Greenland's Melting Ice Problem May Be Far Worse Than We Realized

A new study shows climate change can undercut nature's way of protecting the ice.
Joe Raedle via Getty Images

Greenland's massive ice sheet may be in more serious peril from climate change than scientists previously thought, a new study has found.

Studies agree that rising global temperatures are causing the ice sheet that covers most of the world's largest island to shrink. If the entire ice sheet were to melt, global sea levels could increase by as much as 23 feet.

But in a study published Monday in the journal Nature Climate Change, researchers found that global warming is also undermining the ability of Greenland's "firn" to limit the effects of climate change.

The firn is the sponge-like snow pack atop the ice sheet, which traps and stores melting water that would otherwise run off into the oceans. It thereby helps to maintain the ice sheet in the face of the usual summer's warmer temperatures.

Past studies had concluded that the firn's storage capability was largely undiminished. But Greenland endured exceptionally warm summers in 2010 and 2012 -- in the latter year, it experienced "the largest observed melt extent" on record.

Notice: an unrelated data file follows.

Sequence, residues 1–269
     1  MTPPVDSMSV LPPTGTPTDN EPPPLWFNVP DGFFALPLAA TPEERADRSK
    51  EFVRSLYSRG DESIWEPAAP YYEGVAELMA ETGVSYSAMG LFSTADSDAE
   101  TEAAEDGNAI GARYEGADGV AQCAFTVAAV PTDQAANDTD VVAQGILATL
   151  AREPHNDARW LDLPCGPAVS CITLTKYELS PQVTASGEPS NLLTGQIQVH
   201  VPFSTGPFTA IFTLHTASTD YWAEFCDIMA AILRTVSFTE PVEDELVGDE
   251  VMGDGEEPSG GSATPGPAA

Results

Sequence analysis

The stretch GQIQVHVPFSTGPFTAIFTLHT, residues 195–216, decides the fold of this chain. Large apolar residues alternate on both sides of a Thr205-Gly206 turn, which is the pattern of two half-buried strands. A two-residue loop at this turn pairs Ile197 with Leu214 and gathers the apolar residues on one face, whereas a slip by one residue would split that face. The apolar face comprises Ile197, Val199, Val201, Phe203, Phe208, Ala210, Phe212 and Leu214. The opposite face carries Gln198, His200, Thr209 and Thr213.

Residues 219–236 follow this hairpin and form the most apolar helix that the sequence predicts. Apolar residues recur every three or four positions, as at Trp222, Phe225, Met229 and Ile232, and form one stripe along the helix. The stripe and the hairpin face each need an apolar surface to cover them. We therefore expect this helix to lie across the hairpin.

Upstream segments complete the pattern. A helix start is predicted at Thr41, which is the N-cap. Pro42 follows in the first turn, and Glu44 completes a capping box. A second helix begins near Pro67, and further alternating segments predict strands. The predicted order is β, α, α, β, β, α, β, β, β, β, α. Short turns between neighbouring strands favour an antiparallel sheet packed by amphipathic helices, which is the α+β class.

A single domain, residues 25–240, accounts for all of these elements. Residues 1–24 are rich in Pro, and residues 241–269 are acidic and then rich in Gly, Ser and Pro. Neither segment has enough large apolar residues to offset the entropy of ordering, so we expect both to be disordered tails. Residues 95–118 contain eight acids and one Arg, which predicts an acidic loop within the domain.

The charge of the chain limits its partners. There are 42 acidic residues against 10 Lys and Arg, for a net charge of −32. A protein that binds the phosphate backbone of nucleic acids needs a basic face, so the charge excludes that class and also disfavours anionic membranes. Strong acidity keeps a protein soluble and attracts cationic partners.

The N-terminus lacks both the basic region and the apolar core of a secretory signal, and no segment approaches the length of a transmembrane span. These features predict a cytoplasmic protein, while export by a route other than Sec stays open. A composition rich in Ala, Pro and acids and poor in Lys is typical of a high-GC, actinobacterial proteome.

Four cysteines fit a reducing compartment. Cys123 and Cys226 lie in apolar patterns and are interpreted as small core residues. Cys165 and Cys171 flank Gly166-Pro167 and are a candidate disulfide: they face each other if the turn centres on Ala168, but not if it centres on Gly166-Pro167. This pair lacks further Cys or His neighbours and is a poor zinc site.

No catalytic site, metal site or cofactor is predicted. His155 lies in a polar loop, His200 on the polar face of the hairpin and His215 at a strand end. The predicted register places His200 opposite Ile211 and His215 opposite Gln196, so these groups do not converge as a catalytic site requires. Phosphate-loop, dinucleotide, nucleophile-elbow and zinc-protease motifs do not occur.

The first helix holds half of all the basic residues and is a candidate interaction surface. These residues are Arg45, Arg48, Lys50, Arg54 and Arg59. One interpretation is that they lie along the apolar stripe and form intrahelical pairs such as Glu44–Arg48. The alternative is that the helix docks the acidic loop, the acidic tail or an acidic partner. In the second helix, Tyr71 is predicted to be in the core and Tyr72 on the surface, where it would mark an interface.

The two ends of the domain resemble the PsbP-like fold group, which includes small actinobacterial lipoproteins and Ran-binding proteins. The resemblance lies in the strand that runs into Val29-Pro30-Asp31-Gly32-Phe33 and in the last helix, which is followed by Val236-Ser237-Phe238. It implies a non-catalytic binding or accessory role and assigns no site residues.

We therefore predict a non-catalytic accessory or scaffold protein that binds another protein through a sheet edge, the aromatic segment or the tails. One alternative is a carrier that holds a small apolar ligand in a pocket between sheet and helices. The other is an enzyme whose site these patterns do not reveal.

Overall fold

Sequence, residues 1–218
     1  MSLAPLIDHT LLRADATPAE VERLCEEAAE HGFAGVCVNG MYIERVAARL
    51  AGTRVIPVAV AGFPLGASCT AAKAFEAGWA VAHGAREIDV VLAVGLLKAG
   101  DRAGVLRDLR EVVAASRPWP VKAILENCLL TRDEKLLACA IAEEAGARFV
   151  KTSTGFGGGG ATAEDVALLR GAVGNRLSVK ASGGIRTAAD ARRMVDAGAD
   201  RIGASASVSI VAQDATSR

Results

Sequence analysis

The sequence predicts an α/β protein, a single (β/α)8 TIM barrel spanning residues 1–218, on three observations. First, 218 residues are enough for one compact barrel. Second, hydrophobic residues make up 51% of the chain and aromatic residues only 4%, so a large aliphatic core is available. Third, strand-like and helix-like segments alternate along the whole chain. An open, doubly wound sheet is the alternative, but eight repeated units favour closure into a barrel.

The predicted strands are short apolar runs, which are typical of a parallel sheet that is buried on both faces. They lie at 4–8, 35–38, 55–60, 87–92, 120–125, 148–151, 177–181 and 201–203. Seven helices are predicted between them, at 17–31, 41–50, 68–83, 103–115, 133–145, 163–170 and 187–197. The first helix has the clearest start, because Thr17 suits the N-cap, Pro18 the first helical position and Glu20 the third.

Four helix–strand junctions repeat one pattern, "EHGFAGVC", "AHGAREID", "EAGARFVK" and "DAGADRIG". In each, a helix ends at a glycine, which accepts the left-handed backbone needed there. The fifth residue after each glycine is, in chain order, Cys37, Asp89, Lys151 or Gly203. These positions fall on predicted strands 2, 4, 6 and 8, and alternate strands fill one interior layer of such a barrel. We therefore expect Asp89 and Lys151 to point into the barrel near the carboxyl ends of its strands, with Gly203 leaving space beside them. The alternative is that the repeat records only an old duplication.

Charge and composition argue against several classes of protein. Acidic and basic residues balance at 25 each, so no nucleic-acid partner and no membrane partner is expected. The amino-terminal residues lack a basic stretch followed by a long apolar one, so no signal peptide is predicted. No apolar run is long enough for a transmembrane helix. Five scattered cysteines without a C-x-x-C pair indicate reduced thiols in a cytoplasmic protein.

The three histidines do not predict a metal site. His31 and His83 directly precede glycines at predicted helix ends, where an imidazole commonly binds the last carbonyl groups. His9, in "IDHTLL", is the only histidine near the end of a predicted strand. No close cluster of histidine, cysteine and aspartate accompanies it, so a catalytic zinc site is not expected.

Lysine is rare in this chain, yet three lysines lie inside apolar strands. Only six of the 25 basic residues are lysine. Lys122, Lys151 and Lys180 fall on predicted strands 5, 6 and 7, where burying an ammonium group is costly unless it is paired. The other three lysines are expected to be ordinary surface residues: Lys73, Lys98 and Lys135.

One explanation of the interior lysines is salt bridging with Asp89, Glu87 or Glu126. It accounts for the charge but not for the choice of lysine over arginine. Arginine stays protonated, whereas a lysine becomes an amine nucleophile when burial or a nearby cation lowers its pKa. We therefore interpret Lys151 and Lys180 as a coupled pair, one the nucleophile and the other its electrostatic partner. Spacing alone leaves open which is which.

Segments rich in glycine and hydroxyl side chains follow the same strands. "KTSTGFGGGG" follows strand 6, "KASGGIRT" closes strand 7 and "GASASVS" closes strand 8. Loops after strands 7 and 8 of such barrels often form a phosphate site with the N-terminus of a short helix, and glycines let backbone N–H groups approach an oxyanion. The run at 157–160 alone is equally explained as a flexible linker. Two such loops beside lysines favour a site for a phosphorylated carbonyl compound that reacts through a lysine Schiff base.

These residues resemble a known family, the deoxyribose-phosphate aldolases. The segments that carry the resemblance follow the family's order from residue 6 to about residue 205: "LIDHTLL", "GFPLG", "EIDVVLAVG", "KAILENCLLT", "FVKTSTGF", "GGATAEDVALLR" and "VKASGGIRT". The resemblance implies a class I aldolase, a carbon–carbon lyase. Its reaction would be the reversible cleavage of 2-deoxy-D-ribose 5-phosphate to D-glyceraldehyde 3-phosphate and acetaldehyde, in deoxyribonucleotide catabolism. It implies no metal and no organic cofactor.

Now the latest study has found that the firn has become denser and less porous, making it far less absorbent.

What happened? The researchers found that the greater amounts of meltwater from those warmer summers filled up the firn's pores and hardened into an impenetrable layer of ice. Consequently, meltwater in the following years couldn't be absorbed by the firn and "instead drained along the ice sheet surface toward the ocean."

As study author and York University researcher William Colgan explained in a press release, that finding "overturned the idea that firn can behave as a nearly bottomless sponge to absorb meltwater. Instead, we found that the meltwater storage capacity of the firn could be capped off relatively quickly."

The study is a reminder that we don't know all the ways that climate change is affecting our world.

"Basically our research shows that the firn reacts fast to a changing climate," said Horst Machguth, the lead researcher from the Geological Survey of Denmark and Greenland.

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